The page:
Why estimates of the peat burned in fires in Sumatra and Kalimantan are unreliable and why it matters

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Most recent estimates of carbon emissions from Indonesia's peatland fires are based on extrapolation from a narrow base of empirical evidence, raising concerns about the reliability of fire emissions estimates. Measurements of peat fires during ENSO periods are not representative of fires in other years, yet they underlie many estimates of peat fire emissions in 'normal' years. Errors may enter into estimates of area burned, quantity of peat combusted and fire emission factors. Problems arise in extrapolating from a few empirical measurements without accounting for conditions that influence combustibility of peat and the heavy fuels through which surface fires transition to become peat fires. These conditions are influenced by drainage and fire history. Our analysis is based on a critical look at a sample of peat fire and emissions studies, including the two most widely cited ones, as well as at the uses made of those studies. Undue extrapolation from unrepresentative empirical studies contributes significantly to the uncertainty of emissions estimates in studies that rely on models rather than empirical observation. We do not offer our own estimates; rather, we argue that the base of evidence must be broadened. We point to examples of empirically based research that more reliably show the contribution of peat fires to overall peatland carbon emissions. View source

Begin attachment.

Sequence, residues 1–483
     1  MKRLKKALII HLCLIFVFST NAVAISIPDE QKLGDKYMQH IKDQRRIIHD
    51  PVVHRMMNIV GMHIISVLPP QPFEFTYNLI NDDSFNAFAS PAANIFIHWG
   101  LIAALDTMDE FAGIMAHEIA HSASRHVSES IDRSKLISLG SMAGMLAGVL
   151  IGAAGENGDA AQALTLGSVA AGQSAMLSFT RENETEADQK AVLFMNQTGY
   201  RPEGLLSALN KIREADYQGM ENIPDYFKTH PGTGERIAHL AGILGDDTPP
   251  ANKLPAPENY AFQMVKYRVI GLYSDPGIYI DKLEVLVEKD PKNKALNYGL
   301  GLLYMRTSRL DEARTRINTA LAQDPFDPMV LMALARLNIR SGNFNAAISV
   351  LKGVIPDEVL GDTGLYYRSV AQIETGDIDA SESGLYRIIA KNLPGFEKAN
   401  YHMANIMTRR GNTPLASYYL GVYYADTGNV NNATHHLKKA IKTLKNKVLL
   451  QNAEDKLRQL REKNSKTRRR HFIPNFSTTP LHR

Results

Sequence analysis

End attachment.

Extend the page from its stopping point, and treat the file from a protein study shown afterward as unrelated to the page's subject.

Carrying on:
Secondary Title

Singapore Journal of Tropical Geography











Form: Journal Article
Geographical Area: Indonesia

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